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Civil Resource Manual

2. United States Attorney General Opinion, February 19, 1902


[631] While the Secretary of the Treasury has no authority under section 3469, Revised Statutes, to compromise a claim in favor of the United States which has been reduced to judgment, affirmed by the highest court, and which is clearly collectible, that section confers upon him the authority to compromise all other claims in favor of the United States, except those arising under the postal laws.



It appears from your letter of the 28th ultimo that on November 13, 1901, you made a demand upon the North American Commercial Company for the sum of $42,515.55, with interest at the rate of 6 per cent from May 1, 1891, on account of the tax, bonus, and rental due under the contract of March 12, 1890 (whereby the North American Commercial Company on May 1, 1890, became the lessee for a period of twenty years thereafter of the exclusive right to take fur seals on the islands of St. George and St. Paul, in the Territory of Alaska), for 4,158 seal skins, taken during the fall of 1889 and spring of 1890 by the natives of the seal islands under the privilege granted them by law to kill seals [632] for food, and subsequently turned over to the North American Commercial Company.

The North American Commercial Company concedes the validity of the Government's claim for the sum named, but resists the payment of interest thereon from May 1, 1891, upon the following ground:

The seal skins in question having been taken prior to the transfer of the sealing privilege from the Alaska Commercial Company to the North American Commercial Company, the former company laid claim to the skins, which were accordingly shipped to the collector of customs at San Francisco to await the determination of the controversy by the courts. While this controversy was still pending, the seal skins were turned over to the North American Company, and that company, on April 14, 1891, was notified by your Department that in view of the fact that the Alaska Company had entered suit against it for the value of the skins, 'the question of the payment of the tax to the Government is held in abeyance awaiting the final decision of ownership.' Prior to this date, namely, on April 1, 1891, your Department, after acknowledging the payment of rent and tax for the year ending May 1, 1891, notified the North American Company that the amount to be paid for the seal skins in question was n ot included in the account paid but was left 'for future adjustment.'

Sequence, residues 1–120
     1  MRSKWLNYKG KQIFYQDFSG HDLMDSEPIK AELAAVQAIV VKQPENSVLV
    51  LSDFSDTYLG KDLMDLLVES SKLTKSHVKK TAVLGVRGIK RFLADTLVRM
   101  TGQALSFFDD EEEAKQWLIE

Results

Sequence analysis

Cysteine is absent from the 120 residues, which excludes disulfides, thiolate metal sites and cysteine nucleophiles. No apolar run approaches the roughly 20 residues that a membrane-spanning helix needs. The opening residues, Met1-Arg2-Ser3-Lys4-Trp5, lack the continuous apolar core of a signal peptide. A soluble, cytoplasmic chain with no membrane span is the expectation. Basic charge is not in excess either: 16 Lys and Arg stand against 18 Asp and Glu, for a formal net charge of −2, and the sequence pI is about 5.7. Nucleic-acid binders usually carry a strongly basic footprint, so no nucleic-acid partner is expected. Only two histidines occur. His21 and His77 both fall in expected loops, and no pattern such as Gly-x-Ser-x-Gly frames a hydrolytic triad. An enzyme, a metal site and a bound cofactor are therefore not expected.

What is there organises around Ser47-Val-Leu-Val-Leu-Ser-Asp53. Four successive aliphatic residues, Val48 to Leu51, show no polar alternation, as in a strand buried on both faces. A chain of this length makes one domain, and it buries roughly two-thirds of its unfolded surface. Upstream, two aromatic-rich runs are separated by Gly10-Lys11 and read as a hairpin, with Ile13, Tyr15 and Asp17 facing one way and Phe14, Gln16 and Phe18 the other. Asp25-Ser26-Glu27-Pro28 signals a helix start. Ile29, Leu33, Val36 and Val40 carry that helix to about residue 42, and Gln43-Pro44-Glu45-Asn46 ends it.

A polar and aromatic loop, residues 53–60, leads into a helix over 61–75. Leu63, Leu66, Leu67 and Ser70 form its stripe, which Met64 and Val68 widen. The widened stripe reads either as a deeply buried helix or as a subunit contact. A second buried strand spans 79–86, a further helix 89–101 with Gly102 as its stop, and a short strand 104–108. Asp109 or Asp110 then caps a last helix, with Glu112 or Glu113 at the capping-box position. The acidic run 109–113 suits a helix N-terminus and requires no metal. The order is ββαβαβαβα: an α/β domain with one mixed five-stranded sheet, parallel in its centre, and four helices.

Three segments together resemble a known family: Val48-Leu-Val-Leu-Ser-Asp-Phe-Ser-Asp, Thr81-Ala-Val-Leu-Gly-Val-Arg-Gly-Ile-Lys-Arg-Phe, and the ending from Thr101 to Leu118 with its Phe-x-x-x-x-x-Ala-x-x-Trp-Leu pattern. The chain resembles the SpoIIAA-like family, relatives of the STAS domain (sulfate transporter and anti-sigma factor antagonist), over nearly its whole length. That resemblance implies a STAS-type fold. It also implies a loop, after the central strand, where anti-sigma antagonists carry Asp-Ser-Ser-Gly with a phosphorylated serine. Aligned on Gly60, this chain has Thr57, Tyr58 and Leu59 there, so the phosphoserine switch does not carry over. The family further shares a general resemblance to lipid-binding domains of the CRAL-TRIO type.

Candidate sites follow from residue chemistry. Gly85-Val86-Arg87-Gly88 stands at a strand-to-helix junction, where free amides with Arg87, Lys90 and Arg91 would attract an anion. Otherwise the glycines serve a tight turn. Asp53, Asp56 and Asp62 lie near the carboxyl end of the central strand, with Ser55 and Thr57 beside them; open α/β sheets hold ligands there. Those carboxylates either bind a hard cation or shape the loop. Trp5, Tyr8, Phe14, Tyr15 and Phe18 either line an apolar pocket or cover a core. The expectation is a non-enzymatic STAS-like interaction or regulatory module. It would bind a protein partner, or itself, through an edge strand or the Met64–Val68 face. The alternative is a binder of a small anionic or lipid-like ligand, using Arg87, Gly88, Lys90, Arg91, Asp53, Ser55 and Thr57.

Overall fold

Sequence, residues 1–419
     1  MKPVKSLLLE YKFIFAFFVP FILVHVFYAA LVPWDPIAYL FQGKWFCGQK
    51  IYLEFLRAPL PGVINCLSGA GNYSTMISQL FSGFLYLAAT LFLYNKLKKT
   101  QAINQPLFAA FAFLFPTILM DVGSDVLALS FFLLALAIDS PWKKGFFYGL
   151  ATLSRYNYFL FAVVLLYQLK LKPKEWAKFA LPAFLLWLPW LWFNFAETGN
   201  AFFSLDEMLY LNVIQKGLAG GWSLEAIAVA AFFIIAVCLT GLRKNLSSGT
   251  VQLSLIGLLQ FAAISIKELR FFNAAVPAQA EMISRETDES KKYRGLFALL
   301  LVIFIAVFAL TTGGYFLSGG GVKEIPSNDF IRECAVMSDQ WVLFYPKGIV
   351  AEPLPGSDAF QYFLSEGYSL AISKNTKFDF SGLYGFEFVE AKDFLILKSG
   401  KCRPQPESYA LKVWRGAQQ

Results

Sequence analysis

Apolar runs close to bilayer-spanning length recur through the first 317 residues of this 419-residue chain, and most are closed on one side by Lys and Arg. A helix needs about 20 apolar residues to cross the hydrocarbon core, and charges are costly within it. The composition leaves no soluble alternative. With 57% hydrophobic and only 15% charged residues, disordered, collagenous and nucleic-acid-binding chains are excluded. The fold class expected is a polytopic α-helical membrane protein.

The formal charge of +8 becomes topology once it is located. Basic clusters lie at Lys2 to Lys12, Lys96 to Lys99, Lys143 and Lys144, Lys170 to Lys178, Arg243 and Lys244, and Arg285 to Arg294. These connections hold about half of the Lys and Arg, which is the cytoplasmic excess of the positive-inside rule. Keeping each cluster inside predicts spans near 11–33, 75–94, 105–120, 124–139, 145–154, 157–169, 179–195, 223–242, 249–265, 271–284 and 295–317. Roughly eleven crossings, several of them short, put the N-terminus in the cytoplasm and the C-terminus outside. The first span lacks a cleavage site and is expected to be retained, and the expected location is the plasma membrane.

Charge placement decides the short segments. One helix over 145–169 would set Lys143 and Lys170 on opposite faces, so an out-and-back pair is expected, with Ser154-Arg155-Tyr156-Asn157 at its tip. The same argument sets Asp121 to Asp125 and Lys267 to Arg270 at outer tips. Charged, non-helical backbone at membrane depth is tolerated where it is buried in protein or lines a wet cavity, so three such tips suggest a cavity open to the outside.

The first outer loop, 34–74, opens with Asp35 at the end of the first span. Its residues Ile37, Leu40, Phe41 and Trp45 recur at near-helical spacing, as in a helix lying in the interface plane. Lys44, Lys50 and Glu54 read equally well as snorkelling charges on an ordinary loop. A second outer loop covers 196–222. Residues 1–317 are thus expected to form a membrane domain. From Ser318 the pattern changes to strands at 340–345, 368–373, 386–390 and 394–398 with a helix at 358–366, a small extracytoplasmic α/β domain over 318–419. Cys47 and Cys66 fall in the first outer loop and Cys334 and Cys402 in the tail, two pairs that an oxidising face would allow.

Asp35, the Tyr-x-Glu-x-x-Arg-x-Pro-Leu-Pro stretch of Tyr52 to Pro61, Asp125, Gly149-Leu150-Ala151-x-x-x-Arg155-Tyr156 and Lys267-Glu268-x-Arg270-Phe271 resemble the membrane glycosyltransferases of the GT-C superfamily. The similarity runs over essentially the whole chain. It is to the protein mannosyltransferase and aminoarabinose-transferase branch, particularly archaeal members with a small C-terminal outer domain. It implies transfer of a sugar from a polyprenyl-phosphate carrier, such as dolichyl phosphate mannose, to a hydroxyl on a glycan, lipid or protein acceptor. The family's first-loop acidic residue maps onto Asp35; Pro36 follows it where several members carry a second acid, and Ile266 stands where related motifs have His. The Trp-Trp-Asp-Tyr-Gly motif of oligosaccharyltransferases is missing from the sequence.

In view of these facts and the fact that the Government never demanded the payment of the tax, bonus, and rental for the seal skins until November 13, 1901, the North American Company contends that the Government can not justly and legally exact interest from May 1, 1891, but 'desiring to avoid conflict and litigation is willing, by way of settlement of said claim, to pay a part of the interest demanded, say 3 per cent, from the date when the litigation between the two companies was settled on March 8, 1894, until now.'

The question you submit to me is whether your Department has authority to compromise the claim. I am of the opinion it has. Section 3469 of the Revised Statutes provides as follows:

'Upon a report by a district attorney, or any special attorney or agent having charge of any claim in favor of [633] the United States, showing in detail the condition of such claim, and the terms upon which the same may be compromised, and recommending that it be compromised upon the terms so offered, and upon the recommendation of the Solicitor of the Treasury, the Secretary of the Treasury is authorized to compromise such claim accordingly. But the provisions of this section shall not apply to any claim arising under the postal laws.'

In an opinion given January 17, 1900, I held, following Solicitor-General Maxwell (21 Opin., 51), and Attorney-General Harmon (21 Opin., 264, 266), that this section does not authorize the Secretary of the Treasury to compromise a claim which has been reduced to judgment, affirmed by the highest court, and is clearly collectible, because a compromise is an adjustment or settlement by mutual concession. The claim must in some way be doubtful. There must be room for the 'play of give and take.' In the case of a collectible judgment, which has been affirmed by the highest court, there is no room for 'give and take,' no basis for a compromise; the concession is all on the one side, the side of the Government, which remits in palce of compromising.

But in the case of this claim for interest, there are involved disputed questions of fact and of law, which if put in litigation might be decided the one way or the other. The claim, therefore, is clearly one subject to compromise under this section. I am sustained in this view by the position taken by Attorney-General Griggs in his letter of November 8, 1899, approving of the acceptance by the Government from the North American Company of interest at the rate of 4 per cent per annum on the amounts left unpaid from year to year, pending certain litigation with that company.